I took lots of photographs with my phone camera – my main office – throughout the whole process. I haven’t really shared phone camera photographs on my fotoblog as I’ve always been skeptical about the quality. I’m sure if I looked back in my earlier archives I’d see I’d never had quality images! Almost all the time my hands were so dirty I didn’t want to take out my DSLR camera often. I guess, since there’s 42 images I’ve put into this fotoblog, I took it out more often than I thought. At some point I’ll put together some character shots from my phone camera to give a bit more insight into this build. I’m happy I did capture what I did.

view of future homestead site
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comments: 0 » tags: building, construction, house

200 Hour Yoga Teacher Training | Haiku, Maui, Hawaii

Posted on 6th June 2015 in adventure, events, foto story, photojournalism

April, 2015 I was asked to video & photograph a 200 hour immersion yoga teacher training in Maui, Hawaii, put on by the lovely folks at Yoga University (fb, instagram). To be more exact: I was living in an ashram in Haiku, eating, breathing, and practicing yoga in every form of the word with 12+ humans who would very quickly become my ohana (family).

I have created a video to accompany this photo series, which can be found here (or on Vimeo).

Thinking back over the month, the first thing that sticks out in my mind is the intimacy and immediacy of daily check-ins. As we became more open and used to each other, these check-ins would become incredibly powerful, allowing the group to be supportive instead of judging so that each of us could have verbal dialogues with what was going on in our minds. The value of creating this space has exponential returns, both for the giver and the receiver, somewhat similar to reading a blog might: I write and get my thoughts clear and sorted out, you read and share my revelations!

I came back from this journey both mentally and physically stimulated like I haven’t been for years, one might say I was transformed. Every day in Maui I found myself learning, being guided, sharing, and committing to true love; discovering my body through satsangs of anatomy teachings with Alana, cosmic visualizations of chakras and pranayama discussions with David Lopez, Blue Mountain’s blessings, mangoes, and seva. Allowah & Sufey, the two guides on this beautiful journey, were instrumental in provided the space and the teachings for this Journey to Divine. We would typically spend over 14 hours a day in some form of yoga (these are the yoga sutras):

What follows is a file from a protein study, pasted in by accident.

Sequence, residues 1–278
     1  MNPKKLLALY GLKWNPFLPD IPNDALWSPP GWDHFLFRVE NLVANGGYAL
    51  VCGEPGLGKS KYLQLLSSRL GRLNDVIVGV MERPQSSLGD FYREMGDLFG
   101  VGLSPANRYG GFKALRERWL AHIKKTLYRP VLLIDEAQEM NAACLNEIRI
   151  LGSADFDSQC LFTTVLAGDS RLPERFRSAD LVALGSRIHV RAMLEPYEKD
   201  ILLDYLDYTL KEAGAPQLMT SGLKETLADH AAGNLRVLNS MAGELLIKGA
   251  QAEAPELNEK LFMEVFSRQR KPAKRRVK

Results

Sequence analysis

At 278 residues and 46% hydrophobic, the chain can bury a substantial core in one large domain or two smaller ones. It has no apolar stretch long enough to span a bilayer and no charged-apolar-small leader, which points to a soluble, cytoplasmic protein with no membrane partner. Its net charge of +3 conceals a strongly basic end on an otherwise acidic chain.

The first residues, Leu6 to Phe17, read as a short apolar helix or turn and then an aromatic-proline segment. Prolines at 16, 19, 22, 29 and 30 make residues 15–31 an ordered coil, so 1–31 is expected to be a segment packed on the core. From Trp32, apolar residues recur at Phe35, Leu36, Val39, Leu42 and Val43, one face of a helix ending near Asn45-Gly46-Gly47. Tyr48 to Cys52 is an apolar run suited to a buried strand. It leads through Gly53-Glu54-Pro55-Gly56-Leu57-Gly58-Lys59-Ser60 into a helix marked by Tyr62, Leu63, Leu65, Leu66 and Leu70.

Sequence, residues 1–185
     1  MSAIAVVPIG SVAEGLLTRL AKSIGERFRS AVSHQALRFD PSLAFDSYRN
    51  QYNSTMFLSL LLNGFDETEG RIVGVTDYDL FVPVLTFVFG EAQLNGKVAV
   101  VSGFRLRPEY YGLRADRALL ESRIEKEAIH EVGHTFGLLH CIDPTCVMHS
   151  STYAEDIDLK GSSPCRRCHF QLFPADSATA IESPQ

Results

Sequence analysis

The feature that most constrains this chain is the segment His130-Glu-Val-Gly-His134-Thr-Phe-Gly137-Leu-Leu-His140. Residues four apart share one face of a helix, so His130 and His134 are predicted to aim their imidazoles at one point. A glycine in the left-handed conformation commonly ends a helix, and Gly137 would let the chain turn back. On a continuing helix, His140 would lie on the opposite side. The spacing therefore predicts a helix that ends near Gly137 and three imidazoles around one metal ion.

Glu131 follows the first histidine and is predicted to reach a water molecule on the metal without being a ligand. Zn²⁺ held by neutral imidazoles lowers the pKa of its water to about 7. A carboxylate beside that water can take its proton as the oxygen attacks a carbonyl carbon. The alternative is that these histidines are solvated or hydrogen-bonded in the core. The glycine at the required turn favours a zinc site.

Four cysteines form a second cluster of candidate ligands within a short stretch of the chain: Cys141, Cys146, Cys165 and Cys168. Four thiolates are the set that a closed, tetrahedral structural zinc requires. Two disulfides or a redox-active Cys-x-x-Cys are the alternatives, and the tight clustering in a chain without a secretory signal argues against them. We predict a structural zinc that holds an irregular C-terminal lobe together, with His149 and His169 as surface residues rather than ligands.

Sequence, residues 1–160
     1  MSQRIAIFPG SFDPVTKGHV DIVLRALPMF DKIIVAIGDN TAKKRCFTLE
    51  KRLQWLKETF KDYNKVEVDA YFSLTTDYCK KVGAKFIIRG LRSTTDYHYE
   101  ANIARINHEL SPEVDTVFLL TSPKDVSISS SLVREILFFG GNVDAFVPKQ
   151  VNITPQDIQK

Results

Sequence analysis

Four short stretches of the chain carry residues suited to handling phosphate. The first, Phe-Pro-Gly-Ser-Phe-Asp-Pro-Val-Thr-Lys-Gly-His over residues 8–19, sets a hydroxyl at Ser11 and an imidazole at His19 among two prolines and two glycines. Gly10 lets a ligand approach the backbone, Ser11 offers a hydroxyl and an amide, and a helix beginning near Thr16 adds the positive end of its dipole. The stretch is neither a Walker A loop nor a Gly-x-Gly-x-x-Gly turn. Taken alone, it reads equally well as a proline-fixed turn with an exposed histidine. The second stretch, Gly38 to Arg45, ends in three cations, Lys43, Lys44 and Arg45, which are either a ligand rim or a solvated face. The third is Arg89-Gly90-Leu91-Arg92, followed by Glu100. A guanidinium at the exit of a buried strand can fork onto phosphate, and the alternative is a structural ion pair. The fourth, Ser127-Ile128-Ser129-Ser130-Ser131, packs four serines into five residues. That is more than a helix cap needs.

• yama – ethical guidelines,
  • niyama – behaviors,
  • asana – physical practice,
  • pranayama – breathing life force,
  • pratyahara – detachment from ego,
  • dharana – meditation,
  • dhyana – meditation to god,
  • samadhi – peace, bliss, and happiness without end through the absorption of god.

Like I said, imagine the sense of awe, awareness, inspiration, and beauty when you walk into a sacred space of worship. Now make that a place you live and explore every day for a whole month. Meditate on that for a while.

Ok, fine, there was a lot of fun too.

If you’re interested in learning more about Yoga University, I’d be happy to talk about it, or head over to their site and see when their upcoming 200 or 300 hour teacher training and retreats are.

Yoga University - Maui Hawaii - Teacher Training - Ned Tobin

Large bunyan tree, Ioa Valley State Park

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En-Capsule | Suzka

Posted on 17th March 2014 in foto story, risque

They weren’t exactly whispers, but they weren’t screamed at the top of her lungs either. Flamboyant and pensive in the same moment as she danced and glided in and through the North Vancouver landscape; rich tropical plants scattered about in full season, deep wood grains helped earth the mood and combined with the essence of her smile. It was magic only a goddess could en-capsule. It was a haze a romantic essence alone could endure.

Model: Suzka (fb, twitter)
Jewlery: Piyan Designs

2014.01.13 - Suzka (766 of 1173) Click here to read more.. »

The Great Divide with Sufey

Posted on 17th October 2013 in foto story, nature

Sufey (fb, twitter, instagram) is an extraordinary woman; smart, beautiful, driven, and a yogini. She’s been heavily involved in the Prince George yoga scene for the past year since she acquired her yoga instructor certification, and has begun to warm the cold north one smile at a time.

We’ve been working on concepts for a shoot for a while, trying to find something that aligned with her vision and direction as well as my aesthetic. We came up with the idea to compare her in various yoga positions with mother nature; an exposé showcasing how mother nature shows us and teaches us.

I had a location picked out to do the shoot, but when the time to do the shoot came I realized I had made a grave error in that the shade of the mountain was now where I wanted to shoot! This is obviously no good, the light was amazing… So, we headed to go to another location of Sufey’s suggestion. To get there, we had to drive by the PGX grounds. These grounds I walk regularly and have envisioned many shoots there in doing so… needless to say we stopped. It’s kind of funny how things like that just sort themselves out.

I shot the whole thing with natural light, my trusty 50 mm 1.8f, and my Canon T1i.

The-Great-Divide---Sufey-VIII Click here to read more.. »